Imagine you are having a perfectly good day – all lines of your manufacturing facilities are running smoothly, your plant expansion is almost complete and under budget, plus it’s Friday. Everything is going well until you open the mail and you have received THE DREADED NEXUS QUESTIONNAIRE!
Is this the ruin of an otherwise great day or do you chuckle and casually add it to your “to do” list, knowing that your nexus obligations are well managed.
Welcome to a four-part series about sales tax nexus - specific to manufacturers. Over the next several weeks we will explore common nexus-creating activities that can quickly become costly headaches for the unwary.
In Part One of the series, we will explore how activities beyond your four walls may be creating nexus for your company. Part Two delves into the concepts of sales agents as hidden gotcha’s. Part Three will explore how nexus can be created by where you have inventory. Finally, Part Four provides best practices to help manage the nexus process and steps to take if you discover you are non-compliant.
Most manufacturers are well aware that they have nexus where their headquarters and plants are located. But, is it really that simple? Unfortunately, the answer is no. There are many activities beyond a plant’s four walls that can be nexus-triggering events:
Remote or "Virtual" Employees: Do you have employees working remotely? Telecommuting is a popular work option for many companies. In most cases, it is good for business; however, it does open up additional sales tax compliance obligations that easily go unnoticed even to the savviest Tax Manager. Unfortunately, it often doesn’t escape the radar of the Department of Revenue, especially when they cross match payroll records with sales tax records.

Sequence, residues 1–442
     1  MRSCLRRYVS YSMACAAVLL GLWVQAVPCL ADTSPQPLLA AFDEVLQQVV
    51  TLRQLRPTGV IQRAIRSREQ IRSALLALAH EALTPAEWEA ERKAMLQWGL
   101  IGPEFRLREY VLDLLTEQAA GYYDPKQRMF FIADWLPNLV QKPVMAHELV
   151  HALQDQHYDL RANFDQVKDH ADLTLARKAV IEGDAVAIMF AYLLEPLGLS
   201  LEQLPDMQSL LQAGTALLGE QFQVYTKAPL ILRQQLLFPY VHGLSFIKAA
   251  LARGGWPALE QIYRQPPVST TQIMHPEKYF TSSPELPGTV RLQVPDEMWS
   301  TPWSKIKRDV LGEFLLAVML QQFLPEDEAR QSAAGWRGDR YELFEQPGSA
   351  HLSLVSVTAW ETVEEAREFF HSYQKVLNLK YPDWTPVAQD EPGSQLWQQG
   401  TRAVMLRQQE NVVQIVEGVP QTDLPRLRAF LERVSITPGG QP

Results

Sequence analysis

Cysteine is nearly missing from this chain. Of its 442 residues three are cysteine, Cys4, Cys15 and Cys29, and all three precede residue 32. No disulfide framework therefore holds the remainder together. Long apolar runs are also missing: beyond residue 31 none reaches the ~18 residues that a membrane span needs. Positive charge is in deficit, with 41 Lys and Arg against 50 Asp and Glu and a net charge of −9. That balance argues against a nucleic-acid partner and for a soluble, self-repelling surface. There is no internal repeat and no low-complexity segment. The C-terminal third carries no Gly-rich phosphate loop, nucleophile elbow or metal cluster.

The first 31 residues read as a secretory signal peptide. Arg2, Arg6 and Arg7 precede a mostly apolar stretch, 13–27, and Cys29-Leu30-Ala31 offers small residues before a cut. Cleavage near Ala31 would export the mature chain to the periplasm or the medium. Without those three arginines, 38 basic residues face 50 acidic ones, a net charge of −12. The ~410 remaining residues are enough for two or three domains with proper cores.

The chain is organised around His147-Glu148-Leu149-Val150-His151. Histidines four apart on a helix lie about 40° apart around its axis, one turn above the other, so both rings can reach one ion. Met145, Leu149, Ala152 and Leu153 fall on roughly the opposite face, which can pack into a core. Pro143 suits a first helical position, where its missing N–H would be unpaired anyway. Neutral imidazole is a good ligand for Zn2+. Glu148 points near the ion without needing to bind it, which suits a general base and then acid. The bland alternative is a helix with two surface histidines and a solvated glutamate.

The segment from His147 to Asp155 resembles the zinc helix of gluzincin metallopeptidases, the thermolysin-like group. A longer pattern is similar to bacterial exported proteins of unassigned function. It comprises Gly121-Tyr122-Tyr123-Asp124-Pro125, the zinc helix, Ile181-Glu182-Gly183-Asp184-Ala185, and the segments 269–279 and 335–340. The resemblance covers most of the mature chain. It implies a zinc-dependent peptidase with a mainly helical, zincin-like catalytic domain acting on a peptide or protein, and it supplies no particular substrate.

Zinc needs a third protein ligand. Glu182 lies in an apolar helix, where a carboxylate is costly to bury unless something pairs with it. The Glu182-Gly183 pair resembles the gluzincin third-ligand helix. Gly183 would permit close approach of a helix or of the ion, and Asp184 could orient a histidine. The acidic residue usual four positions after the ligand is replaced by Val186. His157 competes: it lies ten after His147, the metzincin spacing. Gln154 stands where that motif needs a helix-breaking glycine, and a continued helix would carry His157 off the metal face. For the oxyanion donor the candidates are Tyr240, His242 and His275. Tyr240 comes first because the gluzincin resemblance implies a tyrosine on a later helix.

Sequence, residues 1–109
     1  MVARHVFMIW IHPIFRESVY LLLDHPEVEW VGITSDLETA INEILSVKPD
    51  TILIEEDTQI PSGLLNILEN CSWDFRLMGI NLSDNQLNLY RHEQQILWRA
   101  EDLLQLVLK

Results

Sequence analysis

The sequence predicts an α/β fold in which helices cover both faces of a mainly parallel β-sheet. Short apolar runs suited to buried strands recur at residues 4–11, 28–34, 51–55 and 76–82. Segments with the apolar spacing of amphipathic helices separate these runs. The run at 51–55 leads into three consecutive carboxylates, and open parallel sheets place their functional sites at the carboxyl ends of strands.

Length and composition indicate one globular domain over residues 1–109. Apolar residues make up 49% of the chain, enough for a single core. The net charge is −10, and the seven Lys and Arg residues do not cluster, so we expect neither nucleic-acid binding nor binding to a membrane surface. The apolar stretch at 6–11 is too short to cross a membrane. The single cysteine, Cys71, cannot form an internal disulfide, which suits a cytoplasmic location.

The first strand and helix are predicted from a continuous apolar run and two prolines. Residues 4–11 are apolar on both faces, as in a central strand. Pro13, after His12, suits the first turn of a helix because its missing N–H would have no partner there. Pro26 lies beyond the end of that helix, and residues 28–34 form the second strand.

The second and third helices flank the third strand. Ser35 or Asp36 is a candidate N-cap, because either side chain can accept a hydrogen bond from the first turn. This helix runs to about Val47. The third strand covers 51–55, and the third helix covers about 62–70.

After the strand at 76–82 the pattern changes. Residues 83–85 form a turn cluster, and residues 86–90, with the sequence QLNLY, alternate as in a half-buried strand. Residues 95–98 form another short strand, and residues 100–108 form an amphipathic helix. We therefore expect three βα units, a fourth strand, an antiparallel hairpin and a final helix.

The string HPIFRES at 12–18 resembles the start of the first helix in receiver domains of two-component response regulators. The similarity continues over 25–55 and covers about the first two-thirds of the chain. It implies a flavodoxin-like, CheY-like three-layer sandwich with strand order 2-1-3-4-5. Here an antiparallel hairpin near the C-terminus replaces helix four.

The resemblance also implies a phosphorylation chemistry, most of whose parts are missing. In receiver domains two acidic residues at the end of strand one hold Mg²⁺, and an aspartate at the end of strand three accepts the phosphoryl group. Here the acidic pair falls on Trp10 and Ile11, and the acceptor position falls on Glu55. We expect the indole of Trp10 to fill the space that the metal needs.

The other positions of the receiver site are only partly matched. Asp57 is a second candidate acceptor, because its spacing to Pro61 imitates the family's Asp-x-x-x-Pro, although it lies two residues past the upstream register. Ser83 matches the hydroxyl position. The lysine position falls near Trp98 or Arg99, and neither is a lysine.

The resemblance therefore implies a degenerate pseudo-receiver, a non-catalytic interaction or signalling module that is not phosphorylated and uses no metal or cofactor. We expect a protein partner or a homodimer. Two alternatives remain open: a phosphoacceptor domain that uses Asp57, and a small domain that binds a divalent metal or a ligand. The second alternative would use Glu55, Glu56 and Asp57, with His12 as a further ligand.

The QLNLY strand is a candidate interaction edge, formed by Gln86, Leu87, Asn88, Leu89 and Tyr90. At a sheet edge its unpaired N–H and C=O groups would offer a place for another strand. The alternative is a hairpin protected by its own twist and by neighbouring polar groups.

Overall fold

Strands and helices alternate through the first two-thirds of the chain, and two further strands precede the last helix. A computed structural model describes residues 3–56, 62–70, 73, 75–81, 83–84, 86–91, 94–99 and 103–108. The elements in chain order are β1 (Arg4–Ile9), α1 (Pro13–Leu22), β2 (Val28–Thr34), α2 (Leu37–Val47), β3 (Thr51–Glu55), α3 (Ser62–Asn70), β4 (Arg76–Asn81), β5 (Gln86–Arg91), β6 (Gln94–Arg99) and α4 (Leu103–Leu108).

Delivery and/or Shipping: Another nexus-creating activity to consider is how you are delivering products into a state. If you ship your products to your customers via common carrier, you are in the clear. If you deliver your products on your own trucks, you are creating nexus. Even if you have been delivering with your own trucks for years with no repercussions, be careful! Today, DORs are finding new ways to get information about which company trucks are using their highways to delivery products.
On-Site Installation or Services: As a manufacturer, do your employees go on-site to customer locations to perform installation, maintenance or repair services? Traveling on-site to perform these services could create nexus obligations. States often have a threshold for the number of visits into a state, but if this is a regular course of business, you will likely always cross that threshold where nexus is created.
Salespeople: Salespeople are often the impetus to creating nexus obligations. Traveling to client locations and visiting potential customers may create nexus. And, shockingly, attending trade shows often creates nexus as well. Before signing up for a trade show, consider the nexus obligations that may be created. With regard to sales & marketing activities, the acceptable maximum level of activity varies among the states. A few factors that states consider include the number of visits to the state each year and if orders are taken while in the state.
Manufacturers of all types engage in a number of business practices outside the four walls of the plant that could give rise to nexus obligation. These activities should be analyzed on a regular basis to ensure that your company remains in good sales tax compliance.
In Part 2 of "Nexus for Manufacturers", we’ll explore how Sales Agents can create nexus obligations.
What’s the most creative way a state has charged your company with nexus violations? Which states do you think have the strictest nexus standards?
Other recent “Manufacturing & Distribution” posts by Lauren Stinson, CMI:
- Manufacturing Purchases: 5 Sales-Use Tax Basics for Purchasers and A/P
- Manufacturing Exemption Misconception: Everything is Tax Exempt!
- Manufacturers’ Utility Studies: 5 Approaches to Utility Exemptions
- Manufacturing Sales & Use Exemptions: Open to Interpretation
- Use Tax Exemptions Case: Non-Traditional Manufacturer in Missouri